What’s more — and stick with me here — the Textus Receptus mostly follows what later became known as the Byzantine text-type or the “Majority Text.” You see, not all the old manuscripts of the Bible books agree with one another; rather, they follow what one might call a chain of copying over the course of centuries. As one might expect, those copying-chains diverged over time and distance into distinct “tracks” that can seen now. Other text-type traditions include the Alexandrian, Caesarian, and Western. (These chains of copying can also be seen in quotations of Bible texts in other places such as in the writings of the Church Fathers … in fact, these quotations provide useful snapshots of what those books may have said, at the time they were quoted.) We have, since Erasmus’s time, discovered that the very-oldest manuscripts follow the Alexandrian text-type, not the Byzantine/Majority. Granted the KJV translators were unaware of this particular issue (it hadn’t been noticed and cataloged until after their time); but the inherent translation flaws of Erasmus’s work were. This means there’s really no excuse for anyone, now, to build a modern English translation of the Bible around the KJV and its antecedent, the Textus Receptus. None.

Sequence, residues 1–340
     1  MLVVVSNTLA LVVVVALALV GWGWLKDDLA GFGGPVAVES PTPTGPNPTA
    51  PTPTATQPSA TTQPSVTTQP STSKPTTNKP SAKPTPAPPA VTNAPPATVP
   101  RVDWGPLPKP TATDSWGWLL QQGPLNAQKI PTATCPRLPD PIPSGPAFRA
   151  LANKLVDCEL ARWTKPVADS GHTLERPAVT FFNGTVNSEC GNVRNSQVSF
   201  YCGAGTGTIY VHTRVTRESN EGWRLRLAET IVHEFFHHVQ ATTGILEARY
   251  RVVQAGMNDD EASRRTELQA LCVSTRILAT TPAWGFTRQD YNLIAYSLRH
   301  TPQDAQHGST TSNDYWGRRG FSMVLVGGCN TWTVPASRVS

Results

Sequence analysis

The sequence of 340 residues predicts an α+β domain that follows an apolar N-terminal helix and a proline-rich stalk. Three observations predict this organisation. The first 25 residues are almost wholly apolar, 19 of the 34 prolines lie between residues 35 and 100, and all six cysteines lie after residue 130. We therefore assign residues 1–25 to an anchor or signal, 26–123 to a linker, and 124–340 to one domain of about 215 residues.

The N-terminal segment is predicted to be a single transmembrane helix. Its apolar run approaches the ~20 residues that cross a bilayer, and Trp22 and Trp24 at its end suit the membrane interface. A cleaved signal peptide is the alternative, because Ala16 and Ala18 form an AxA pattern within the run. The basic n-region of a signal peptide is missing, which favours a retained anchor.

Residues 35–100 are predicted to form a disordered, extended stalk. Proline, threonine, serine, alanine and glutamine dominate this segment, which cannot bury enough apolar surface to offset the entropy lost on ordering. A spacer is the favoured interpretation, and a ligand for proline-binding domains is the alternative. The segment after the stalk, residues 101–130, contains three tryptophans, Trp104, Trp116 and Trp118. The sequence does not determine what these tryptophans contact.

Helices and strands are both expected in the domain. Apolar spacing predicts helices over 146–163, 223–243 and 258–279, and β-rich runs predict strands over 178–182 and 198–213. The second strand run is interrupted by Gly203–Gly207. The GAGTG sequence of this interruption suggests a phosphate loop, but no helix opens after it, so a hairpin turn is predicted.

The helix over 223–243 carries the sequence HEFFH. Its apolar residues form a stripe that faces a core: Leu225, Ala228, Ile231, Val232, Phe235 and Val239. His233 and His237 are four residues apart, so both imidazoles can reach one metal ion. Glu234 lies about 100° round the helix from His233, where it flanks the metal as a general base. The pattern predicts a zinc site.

Not to mention, I don’t really see anything here about going back to the original manuscripts (mostly in Hebrew for the Old Testament, and Greek for the New). These people appear to want to take an existing English translation, and parse it out in their own way. The logic behind this kind of “translating” is pathetic and stupid … every modern translation of the Bible worth reading has, at some point in the process, referred back to old manuscripts. That’s just how Bible translations are done.

At any rate, the motive of this project appears to be an effort to remove passages from the Bible that “conservatives” and Rightists find troubling … and to do so at minimal cost and effort, by basing it on a public-domain work (i.e. the KJV) and by calling on people who aren’t even literate in Hebrew or Greek.

In sum, this plan is pure bullshit, all the way through. They’re just trying to satisfy their own ideology … and that’s pathetic.

At any rate, as I stated initially, I’m not even sure this effort is genuine. It might have just been put up on Conservapedia by a lone wing-nut and is not even sanctioned by its organizers; it might also be a joke, hoax, or parody. I just don’t know. I do know, however, that if it ever happens, it’s going to be insipid and dumb.

Tags: , , , , , , , , , , , , , , , , , ,

Comments Comments Off on Do We Need A “Conservative” Bible?